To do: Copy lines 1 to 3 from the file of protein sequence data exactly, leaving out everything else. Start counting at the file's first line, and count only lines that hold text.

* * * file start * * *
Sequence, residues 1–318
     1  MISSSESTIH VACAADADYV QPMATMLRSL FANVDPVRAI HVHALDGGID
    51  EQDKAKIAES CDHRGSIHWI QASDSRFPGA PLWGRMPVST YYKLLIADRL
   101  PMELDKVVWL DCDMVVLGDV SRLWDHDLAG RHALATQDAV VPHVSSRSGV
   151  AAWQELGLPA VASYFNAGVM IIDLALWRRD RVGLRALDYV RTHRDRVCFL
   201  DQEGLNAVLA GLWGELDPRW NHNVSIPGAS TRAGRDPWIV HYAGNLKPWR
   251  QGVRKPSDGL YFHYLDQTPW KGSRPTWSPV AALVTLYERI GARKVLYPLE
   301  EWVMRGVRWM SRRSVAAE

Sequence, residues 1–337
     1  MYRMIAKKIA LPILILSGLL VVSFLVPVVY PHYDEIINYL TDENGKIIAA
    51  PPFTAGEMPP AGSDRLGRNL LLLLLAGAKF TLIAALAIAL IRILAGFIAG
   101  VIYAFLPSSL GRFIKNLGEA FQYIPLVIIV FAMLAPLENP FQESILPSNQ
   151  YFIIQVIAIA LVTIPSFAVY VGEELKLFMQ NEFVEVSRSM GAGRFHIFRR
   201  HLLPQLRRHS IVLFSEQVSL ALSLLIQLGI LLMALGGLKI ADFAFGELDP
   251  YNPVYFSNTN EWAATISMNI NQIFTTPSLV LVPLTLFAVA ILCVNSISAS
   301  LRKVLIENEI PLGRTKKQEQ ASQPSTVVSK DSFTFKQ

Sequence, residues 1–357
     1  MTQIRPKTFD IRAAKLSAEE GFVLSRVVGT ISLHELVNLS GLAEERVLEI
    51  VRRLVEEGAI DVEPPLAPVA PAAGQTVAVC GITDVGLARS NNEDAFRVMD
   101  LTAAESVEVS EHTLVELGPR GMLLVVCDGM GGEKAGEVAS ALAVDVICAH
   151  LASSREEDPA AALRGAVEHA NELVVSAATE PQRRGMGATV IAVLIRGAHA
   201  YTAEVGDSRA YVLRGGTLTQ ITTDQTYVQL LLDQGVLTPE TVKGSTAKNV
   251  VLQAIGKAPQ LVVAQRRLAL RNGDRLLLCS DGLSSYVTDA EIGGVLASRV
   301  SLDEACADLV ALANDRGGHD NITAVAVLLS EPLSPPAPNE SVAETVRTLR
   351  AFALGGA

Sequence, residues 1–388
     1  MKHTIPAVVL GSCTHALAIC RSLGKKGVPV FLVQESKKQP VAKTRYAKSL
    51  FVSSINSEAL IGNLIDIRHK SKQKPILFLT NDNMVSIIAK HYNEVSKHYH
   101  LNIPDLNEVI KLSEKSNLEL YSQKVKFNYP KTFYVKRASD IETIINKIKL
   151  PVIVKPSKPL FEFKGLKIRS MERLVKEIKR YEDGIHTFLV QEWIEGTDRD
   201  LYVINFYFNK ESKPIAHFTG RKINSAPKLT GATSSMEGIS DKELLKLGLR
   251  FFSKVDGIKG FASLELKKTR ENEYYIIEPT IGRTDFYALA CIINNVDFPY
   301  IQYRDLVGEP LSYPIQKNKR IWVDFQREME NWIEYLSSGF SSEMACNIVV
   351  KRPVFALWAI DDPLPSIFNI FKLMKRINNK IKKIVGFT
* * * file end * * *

Sequence, residues 1–318
     1  MISSSESTIH VACAADADYV QPMATMLRSL FANVDPVRAI HVHALDGGID
    51  EQDKAKIAES CDHRGSIHWI QASDSRFPGA PLWGRMPVST YYKLLIADRL